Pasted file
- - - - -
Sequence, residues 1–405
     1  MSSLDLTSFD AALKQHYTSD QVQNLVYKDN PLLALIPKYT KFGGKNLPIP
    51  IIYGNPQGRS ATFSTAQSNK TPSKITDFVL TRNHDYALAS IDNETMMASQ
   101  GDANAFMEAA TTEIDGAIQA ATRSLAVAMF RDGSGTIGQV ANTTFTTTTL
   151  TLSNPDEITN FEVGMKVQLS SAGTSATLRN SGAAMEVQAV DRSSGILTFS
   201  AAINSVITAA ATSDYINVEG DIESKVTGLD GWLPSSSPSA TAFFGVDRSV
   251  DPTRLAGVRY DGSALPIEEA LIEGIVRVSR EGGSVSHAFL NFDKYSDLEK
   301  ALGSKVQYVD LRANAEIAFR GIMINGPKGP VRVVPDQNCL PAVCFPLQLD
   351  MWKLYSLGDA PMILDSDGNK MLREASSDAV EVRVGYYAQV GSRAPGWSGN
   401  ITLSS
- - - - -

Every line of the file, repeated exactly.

Sequence, residues 1–405
     1  MSSLDLTSFD AALKQHYTSD QVQNLVYKDN PLLALIPKYT KFGGKNLPIP
    51  IIYGNPQGRS ATFSTAQSNK TPSKITDFVL TRNHDYALAS IDNETMMASQ
   101  GDANAFMEAA TTEIDGAIQA ATRSLAVAMF RDGSGTIGQV ANTTFTTTTL
   151  TLSNPDEITN FEVGMKVQLS SAGTSATLRN SGAAMEVQAV DRSSGILTFS
   201  AAINSVITAA ATSDYINVEG DIESKVTGLD GWLPSSSPSA TAFFGVDRSV
   251  DPTRLAGVRY DGSALPIEEA LIEGIVRVSR EGGSVSHAFL NFDKYSDLEK
   301  ALGSKVQYVD LRANAEIAFR GIMINGPKGP VRVVPDQNCL PAVCFPLQLD
   351  MWKLYSLGDA PMILDSDGNK MLREASSDAV EVRVGYYAQV GSRAPGWSGN
   401  ITLSS